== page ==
It’s no secret that I believe that the state of paid leave in America is flat-out abysmal. We are one of only four countries (Papua New Guinea, Suriname, and Liberia) in the world that do not have a law addressing the issue.
Sure, the United States has the Family Medical Leave Act (FLMA) but that doesn’t offer any form of paid leave, unless stated otherwise by the company that you work for. When the Rookie was born, having been eligible to take FMLA I looked into our company policy. It was tiered something along the lines of 4 weeks at 80% pay, then the next 4 at 60% and so on until your 12 weeks was up. I was lucky.
Previously, I brought to light our situation when the Rookie was born. I had two weeks of paid leave and my wife had no paid leave what-so-ever. I consider myself one of the lucky ones. There are many private companies (public included) that do not give the parents the needed opportunity to stay home with their newborns.
While many of us are looking to the government to do something, we shouldn’t leave it up to them to enact change. Private companies can start to set the example and say that a strong family unit is important to the growth of their company.
Take Google for example, new mothers get 18 weeks of paid leave. Interestingly enough, the rate at which new mother’s left the company dropped 50%. It doesn’t stop at mothers. Google also increased their paternity leave from 7 weeks to 12. Showing their employees just how important the family is to growing their company.
Since becoming an advocate for Paid Leave, I have had the opportunity to sit in on a roundtable discussion with the Secretary of Labor, Tom Perez, and ask questions about where the United States is headed regarding the issue. In our discussion, Perez, said something that I have used in just about every conversation regarding Paid Leave.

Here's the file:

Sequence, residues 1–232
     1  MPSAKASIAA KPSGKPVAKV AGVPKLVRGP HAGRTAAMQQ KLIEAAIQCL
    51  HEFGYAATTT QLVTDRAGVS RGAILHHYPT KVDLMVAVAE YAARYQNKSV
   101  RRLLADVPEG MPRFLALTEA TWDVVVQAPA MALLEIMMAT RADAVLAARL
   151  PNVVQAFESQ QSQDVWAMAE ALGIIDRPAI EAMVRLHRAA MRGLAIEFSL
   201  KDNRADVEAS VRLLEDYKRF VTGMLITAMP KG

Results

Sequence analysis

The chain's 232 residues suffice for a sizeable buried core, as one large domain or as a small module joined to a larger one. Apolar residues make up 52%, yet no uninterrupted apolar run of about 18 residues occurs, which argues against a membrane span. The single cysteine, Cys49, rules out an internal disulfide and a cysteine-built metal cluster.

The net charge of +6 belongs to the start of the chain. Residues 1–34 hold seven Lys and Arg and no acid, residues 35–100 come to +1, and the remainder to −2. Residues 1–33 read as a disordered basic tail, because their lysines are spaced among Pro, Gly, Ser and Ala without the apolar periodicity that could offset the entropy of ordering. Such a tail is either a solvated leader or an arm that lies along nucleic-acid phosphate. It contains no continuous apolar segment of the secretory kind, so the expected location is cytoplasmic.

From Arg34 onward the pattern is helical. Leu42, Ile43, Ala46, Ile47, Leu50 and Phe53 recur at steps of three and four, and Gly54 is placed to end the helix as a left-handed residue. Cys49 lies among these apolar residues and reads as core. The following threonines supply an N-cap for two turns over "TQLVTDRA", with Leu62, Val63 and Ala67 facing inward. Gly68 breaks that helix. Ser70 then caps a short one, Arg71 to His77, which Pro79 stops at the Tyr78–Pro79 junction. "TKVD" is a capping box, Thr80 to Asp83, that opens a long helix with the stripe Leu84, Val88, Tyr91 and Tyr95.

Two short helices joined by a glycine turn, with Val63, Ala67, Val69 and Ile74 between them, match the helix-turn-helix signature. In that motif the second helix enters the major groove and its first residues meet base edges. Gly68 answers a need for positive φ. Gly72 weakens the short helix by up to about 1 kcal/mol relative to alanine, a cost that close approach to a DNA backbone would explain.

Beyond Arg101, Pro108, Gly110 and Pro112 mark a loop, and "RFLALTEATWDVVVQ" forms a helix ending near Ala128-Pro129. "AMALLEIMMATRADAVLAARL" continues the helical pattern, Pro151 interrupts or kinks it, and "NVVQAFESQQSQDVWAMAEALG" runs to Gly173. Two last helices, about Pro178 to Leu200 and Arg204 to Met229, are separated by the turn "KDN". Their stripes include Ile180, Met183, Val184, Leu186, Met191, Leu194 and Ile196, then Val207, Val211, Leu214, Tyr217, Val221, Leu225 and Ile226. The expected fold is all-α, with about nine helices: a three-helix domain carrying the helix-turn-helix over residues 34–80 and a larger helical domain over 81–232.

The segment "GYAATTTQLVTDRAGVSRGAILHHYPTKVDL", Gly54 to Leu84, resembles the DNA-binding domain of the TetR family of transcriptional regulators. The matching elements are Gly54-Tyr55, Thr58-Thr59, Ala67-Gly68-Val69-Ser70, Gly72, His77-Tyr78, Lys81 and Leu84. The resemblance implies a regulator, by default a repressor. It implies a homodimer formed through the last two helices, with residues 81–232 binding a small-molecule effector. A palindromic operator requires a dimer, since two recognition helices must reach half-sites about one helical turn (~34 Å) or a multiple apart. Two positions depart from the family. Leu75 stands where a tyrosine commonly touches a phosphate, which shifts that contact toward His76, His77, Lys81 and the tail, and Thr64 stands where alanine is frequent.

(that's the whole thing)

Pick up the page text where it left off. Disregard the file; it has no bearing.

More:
“It’s going to take time. FMLA didn’t happen overnight.”
He is right. It won’t happen overnight. It is going to take each one of us to continue to push the companies that we work for to offer some form of paid leave. It doesn’t have to be perfect in the beginning. At least offer something. That is something that the President of Pixar, Ed Catmull, learned early on when he was forming Pixar:
If we are in this for the long haul, we have to take are of ourselves, support healthy habits, and encourage our employees to have fulfilling lives outside of work. Moreover, everyone’s home lives change as they – and their children, if they have them – age. This means creating a culture in which taking maternity or paternity leave is not seen as an impediment to career advancement. That may not sound revolutionary, but at many companies, parents know that taking that leave comes at a cost; a truly committed employee, they are wordlessly told, wants to be at work. That’s not true a Pixar. – from the book Creativity, Inc. by Ed Catmull
Companies across the nation can take something from this. Just because an employee wants to take leave to be with their newborn child, should not come at a cost.
For many new parents, there are already so many things to stress about between the health of the baby, lack of sleep, and for many, how they are going to be able to afford the baby even with insurance. Offering paid leave is just one area where companies can ease the stress.
Sitting back, expecting the government to fit the bill, is not something that we should wait for. It’s companies like Pixar and Google that will help change paid leave in the United States. It’s parent’s like you and me who will support those companies who have paid leave policies in place that will change paid leave in the United States.